Do you ever have the feeling nobody’s out there? Like that one episode of The Twilight Zone? That everybody’s gone, somewhere, somehow, into oblivion and there you are, left by yourself: no more broadcast media left because there’s no one there to broadcast it. Except reruns. Or infinite infomercials. But no original content, ever. This is a fear I have sometimes – not necessarily of really being alone, but of feeling alone. Of becoming an island unto myself, cut off from the rest of mankind. Of being unable to reach out and find somebody there, like Robert Neville in every film version of I Am Legend, endlessly calling out via shortwave radio into the darkness, wondering if there’s anyone else left. Isolation is a fear that preys on us. Being left behind or left by ourselves, to fend for ourselves against the dangers of the world without the assistance of our friends or family. We make various attempts to neutralize these fears through one defense mechanism or another, but ultimately it’s still there, and we have to keep crying out to reassure ourselves: “Is there anybody there? Anybody?”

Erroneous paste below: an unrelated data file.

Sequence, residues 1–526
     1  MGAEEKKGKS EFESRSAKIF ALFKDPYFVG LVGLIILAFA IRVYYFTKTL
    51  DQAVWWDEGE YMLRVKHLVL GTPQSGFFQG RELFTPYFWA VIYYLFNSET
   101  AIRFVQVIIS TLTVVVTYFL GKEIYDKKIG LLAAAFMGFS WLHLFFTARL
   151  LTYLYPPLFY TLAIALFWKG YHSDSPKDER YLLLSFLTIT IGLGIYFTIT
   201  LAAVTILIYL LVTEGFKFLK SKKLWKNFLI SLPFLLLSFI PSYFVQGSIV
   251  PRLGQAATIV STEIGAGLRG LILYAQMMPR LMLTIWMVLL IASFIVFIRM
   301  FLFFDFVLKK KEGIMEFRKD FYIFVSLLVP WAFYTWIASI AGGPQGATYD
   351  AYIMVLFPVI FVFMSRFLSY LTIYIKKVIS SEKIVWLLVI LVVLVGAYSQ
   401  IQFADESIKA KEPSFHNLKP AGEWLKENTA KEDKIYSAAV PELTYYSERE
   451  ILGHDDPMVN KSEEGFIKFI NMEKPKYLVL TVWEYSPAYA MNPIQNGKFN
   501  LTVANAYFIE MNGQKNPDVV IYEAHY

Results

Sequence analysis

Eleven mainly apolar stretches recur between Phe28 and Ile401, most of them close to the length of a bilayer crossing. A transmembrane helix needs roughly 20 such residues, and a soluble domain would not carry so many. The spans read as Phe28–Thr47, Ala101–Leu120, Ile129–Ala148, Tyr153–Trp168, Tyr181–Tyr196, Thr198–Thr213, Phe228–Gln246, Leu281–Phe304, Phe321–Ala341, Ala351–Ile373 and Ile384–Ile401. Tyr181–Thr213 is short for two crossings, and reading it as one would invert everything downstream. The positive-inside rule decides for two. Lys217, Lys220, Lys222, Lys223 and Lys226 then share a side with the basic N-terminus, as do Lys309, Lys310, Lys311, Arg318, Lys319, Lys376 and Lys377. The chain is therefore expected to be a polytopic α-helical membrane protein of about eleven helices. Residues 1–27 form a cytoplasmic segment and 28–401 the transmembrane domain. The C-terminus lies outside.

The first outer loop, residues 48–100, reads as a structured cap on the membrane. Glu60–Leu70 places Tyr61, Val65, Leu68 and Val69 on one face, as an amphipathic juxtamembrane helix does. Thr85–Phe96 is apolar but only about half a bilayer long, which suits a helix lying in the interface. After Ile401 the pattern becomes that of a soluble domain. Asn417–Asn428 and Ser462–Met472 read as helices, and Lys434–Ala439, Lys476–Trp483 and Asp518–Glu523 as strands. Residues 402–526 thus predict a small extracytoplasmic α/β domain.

That said, classes are over. I start my only final in an hour. I figured I’d blog to pass the time. Last night, watching The Ghost and Mrs. Muir reminded me of someone I should blog about – I want to start an ongoing series about Actors/Actresses Who Are Awesome. Having already touched on Charles Laughton and Edith Massey, I now turn my attentions toward the great George Sanders.

George Sanders

The consummate English gentleman of leisure, Sanders was frequently smarmy, cultured, and sybaritic. Sometimes he played an out-and-out villain, other times he was something of a hero, but more often he was a high-class lowlife who couldn’t be counted on to commit a murder or save a life. More likely, he’d be reclining on a divan, reading poetry and possibly making witty insults. With all these resemblances to Oscar Wilde, it’s no surprise he would play the dissipated Lord Henry Wotton in The Picture of Dorian Gray (1945), or that this Spanish-language website would describe him as bisexual. Regardless of whether this rather dubious source is at all accurate, sexual adventure and extravagance were a part of the Sanders persona. Frequently he’d play the secondary character who’s not quite evil enough to be a villain, but is still pretty amoral, as in The Ghost and Mrs. Muir or Jean Renoir’s This Land Is Mine. Other times he’d be a tainted, womanizing, but basically honorable protagonist or ally: Rage in Heaven, The Lodger, Lured.